Lives in United States United States
Works as a Software designer
Joined on Oct 17, 2009


Total: 115, showing: 1 – 20
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In reply to:

SolidMetal: I literally can't wait the day when big MILC manufacturers go after computational photography. They could widen the gap again with smartphones, and - let's face it - they have to, if they don't want to go extinct. Give me at least a decent in-camera HDR for a start, without mechanical shutter between each shot and lots of artifacting.

But can the camera firms build good enough computing platforms to keep up with Apple, Google, and the open source software world? Camera manufacturers haven't yet mastered the art of software platform development. It's very hard to build great software unless (among other things) you are building it on a scaled platform that serves a very large market, justifying massive ongoing investment and iteration.

Link | Posted on Jun 3, 2020 at 16:58 UTC
In reply to:

Chillbert: There is no inherent reason the benefits of DSLR or MILC can't be combined with the computational photography methods pioneered in smartphones. I would be interested to learn more about what computational photography capabilities and platforms camera manufacturers have developed or are developing.

@mermaidkiller, I disagree that smartphones are overhyped - you can take great pics with them in many conditions, in a format that you always have with you, with instant sharing, etc. But even so, computational photography has many applications beyond smartphones including using all the powerful capabilities of larger cameras.

Link | Posted on Jun 3, 2020 at 16:55 UTC

There is no inherent reason the benefits of DSLR or MILC can't be combined with the computational photography methods pioneered in smartphones. I would be interested to learn more about what computational photography capabilities and platforms camera manufacturers have developed or are developing.

Link | Posted on Jun 3, 2020 at 15:49 UTC as 86th comment | 3 replies
In reply to:

Yxa: Where will it end?

@MyReality you misunderstand the problem with covid19. Aside from the fact it is already in fact the leading cause of death in the US, in parts of the country where there have been significant outbreaks, they were recently on the brink of their hospital systems collapsing. That would greatly increase the mortality rate beyond its current lethal rate. No other current leading causes have the potential to cause that level of devastation. None of us *want* to be socially distanced, but many of us understand it's necessary to prioritize disease management over virtually everything else, or both health and economic damage will be that much worse.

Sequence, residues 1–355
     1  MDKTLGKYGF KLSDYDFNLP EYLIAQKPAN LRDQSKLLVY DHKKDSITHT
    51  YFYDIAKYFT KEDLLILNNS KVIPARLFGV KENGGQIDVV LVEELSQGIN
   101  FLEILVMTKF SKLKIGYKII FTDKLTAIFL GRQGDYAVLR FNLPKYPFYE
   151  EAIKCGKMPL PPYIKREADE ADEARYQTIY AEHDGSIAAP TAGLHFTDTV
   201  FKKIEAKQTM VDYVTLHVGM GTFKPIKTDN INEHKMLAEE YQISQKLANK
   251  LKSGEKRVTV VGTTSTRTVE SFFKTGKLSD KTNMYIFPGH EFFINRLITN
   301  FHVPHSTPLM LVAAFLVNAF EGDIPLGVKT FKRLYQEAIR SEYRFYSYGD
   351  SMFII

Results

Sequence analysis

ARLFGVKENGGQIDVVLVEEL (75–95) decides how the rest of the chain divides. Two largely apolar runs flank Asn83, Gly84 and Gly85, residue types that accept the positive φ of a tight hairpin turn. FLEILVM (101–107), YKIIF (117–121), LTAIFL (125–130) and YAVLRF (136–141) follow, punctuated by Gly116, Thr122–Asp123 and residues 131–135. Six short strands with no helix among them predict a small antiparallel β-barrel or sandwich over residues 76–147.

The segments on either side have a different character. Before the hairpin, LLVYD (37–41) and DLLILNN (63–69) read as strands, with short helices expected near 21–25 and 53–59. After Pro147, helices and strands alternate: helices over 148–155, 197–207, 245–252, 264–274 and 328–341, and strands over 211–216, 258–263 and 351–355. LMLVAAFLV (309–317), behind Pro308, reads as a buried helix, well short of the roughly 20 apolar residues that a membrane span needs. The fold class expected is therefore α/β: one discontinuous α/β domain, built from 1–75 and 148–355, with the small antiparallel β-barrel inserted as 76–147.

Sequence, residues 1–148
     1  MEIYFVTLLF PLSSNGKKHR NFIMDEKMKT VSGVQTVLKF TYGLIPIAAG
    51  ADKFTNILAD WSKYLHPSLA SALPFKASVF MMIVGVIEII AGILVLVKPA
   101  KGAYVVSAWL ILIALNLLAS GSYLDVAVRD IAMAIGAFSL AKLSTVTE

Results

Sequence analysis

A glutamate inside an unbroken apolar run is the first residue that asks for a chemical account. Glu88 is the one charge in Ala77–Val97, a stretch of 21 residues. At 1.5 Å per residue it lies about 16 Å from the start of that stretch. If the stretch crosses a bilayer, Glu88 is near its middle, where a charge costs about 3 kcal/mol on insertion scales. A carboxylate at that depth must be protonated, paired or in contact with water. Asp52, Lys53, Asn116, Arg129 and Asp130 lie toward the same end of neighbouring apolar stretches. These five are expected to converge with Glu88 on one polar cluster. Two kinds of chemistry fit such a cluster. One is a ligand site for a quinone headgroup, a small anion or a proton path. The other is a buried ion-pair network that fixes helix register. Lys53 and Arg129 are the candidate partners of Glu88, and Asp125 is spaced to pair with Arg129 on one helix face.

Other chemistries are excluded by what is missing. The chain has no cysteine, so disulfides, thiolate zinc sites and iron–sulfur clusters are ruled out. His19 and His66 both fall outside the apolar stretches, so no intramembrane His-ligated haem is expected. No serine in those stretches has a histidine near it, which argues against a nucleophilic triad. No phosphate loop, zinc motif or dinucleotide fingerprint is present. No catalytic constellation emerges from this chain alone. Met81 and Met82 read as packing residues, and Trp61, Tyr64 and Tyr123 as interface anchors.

Link | Posted on Jun 3, 2020 at 15:24 UTC
In reply to:

spider-mario: Frankly, I am rather appalled by the amount of victim blaming and lack of empathy in this comment section. (Not by everyone, fortunately.)

Completely agree

Link | Posted on May 22, 2020 at 18:40 UTC
In reply to:

AlterZgo: Part of passing this AP test is to see if you are smart enough to know how to change the setting on your iPhone to submit your answer as a .jpg file.

Utter codswallop

Link | Posted on May 22, 2020 at 18:38 UTC
In reply to:

dccdp: "Your next computer is not a computer". It is a tablet. Which is a computer.

Marketing will never look the same.

I laughed at your comment... and at the same time I think it's worth noting that the shift to tablets (Apple or other) is a pretty significant step, partly evolutionary and partly revolutionary. Aside from touch and pen input, mobile operating systems provide much greater isolation between apps (with both pros and cons) and much better energy use/battery life. I am not ready to take this step yet myself: I'm a UX designer and still need a Mac to do my job. But it's definitely different. z

Link | Posted on Mar 19, 2020 at 14:44 UTC
In reply to:

Gesture: Let's re-invent the compact ILC.

I guess Moment beat us to it.

Link | Posted on Feb 7, 2020 at 04:04 UTC
On article Seagate is planning to release 18 and 20TB HDDs in 2020 (114 comments in total)

My first hard drive was 20MB. This should be (barely) sufficient for another couple of years.

Link | Posted on Jan 15, 2020 at 13:32 UTC as 2nd comment
In reply to:

starbase218: iPhone: 1 camera button.
Camera: camera buttons, dials, switches, etc.

Am I the only one who doesn’t get why phones supposedly threaten cameras?

Perhaps a more relevant metric than number of buttons would be number of photos taken per day, globally, by smartphones vs dedicated cameras.

Link | Posted on Nov 21, 2019 at 04:06 UTC

As a non-professional, I have found this scanner awesome. I have used it to scan about 1400 family pics (mainly prints but some old transparencies as well) starting in the 1920s, lots of Instamatic prints from the 70s, etc., resulting in a digital archive that is sharable online. Great results given the relatively low quality of the originals! I used an iMac, and the software is definitely a bit flaky but functions OK, per the review.

Link | Posted on Nov 1, 2019 at 13:20 UTC as 152nd comment

Although $73.50 sounds cheap, the article notes that the camera is the single *biggest* item on the menu. One reason for this may be that it is not a solid-state device (with autofocus).

However, the iPhone's cameras would probably cost a lot more if they weren't part of the iPhone, which means they can be optimized for a far greater scale of manufacturing than traditional cameras. For example, the lenses are relatively low-tolerance items, but they are dynamically positioned by very special optical robots during assembly that optimize their optical alignment, resulting in more precise optics than could otherwise could be achieved with those same lenses.

Finally, the cameras can also be cheaper because much of the camera function really lies in the general-purpose computer and software at the heart of the iPhone. Computational photography makes those very cheap lenses and small sensors far more effective than they could be in a less computationally powerful dedicated camera.